These two functions are sometimes hard to disentangle. For example, the alleged cultural inferiority of a people might be taken both to explain why they have been conquered and to justify that conquest as legitimate or even desirable. The “laws” of market competition provide an explanation of why some individuals and businesses do better than others, and these same laws are appealed to by those inclined to endorse the the outcome of the competition.
In 1930 the economist John Maynard Keynes predicted that increases in productivity due to technological progress would lead within a century to most people enjoying much more leisure. He believed that by 2030 the average working week would be around fifteen hours. Eighty-four years later, it doesn't look like this prediction will come true. Most full-time workers work two, three, or four times, that: and many part-time workers would work more hours if they could since they need the money.
So why haven't we come closer to realizing the expectations of Russell and Keynes? In their recent book, How Much Is Enough? Money and the Good Life (Other Press, 2012), Robert and Edward Skidelsky offer an interesting answer. According to them Keynes' mistake was his failure to realize that capitalism has unleashed forces that can't be brought under control. Specifically, it has greatly inflamed a natural human desire for recognition and status, turning it into an insatiable desire for ever more wealth—wealth being the number one determinant of status in our society. If we could just settle for a modest level of comfort, we could work far less. But the yearning for more wealth and more stuff now leads people to spend far more time working than they need to. The same insatiability characterizes our society as a whole. Every politician and most economists take for granted that we should be striving with all our might to achieve economic growth without limit. The wisdom of this relentless, endless pursuit of economic growth is rarely questioned.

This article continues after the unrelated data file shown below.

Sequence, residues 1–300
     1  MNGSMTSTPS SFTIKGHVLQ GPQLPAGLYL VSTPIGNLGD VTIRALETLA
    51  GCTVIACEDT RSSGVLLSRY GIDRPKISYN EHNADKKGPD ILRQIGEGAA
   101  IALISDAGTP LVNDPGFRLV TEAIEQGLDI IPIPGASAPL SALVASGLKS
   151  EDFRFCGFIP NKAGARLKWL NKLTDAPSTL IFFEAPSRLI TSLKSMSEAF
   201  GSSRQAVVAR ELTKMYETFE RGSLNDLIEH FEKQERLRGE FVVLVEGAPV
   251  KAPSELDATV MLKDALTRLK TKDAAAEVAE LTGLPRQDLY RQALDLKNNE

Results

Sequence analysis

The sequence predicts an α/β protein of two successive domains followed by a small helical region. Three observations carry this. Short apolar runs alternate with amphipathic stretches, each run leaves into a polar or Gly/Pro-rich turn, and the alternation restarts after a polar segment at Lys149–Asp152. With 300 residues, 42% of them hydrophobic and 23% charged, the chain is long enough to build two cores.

The Skidelskys' explanation of why we still work much more than Keynes predicted isn't entirely wrong, but I don't think it's the whole story or even the most important part. It's no doubt true of some people that they are driven to work more than they need to by insatiable greed. But I suspect that far more people work the hours they do because of circumstances beyond their control. For instance, many people work long hours simply because their hourly wage is quite low, so they work overtime, or perhaps take a second job, just in order to have enough to live on. Some live in expensive metropolitan areas like Boston or San Francisco, so even though they make a good wage, they actually need a full time job even to secure a fairly modest level of comfort, given the cost of housing. Many people keep working full time, even though they'd like to retire or go part time, because only a full time job will provide indispensible benefits like health insurance and a pension. And lots of people would like to cut back the hours they work but can't for a simple reason: their boss won't let them.
But there's also another factor preventing us from achieving a more leisured and balanced lifestyle, and that is the intensely competitive social environment in which we live.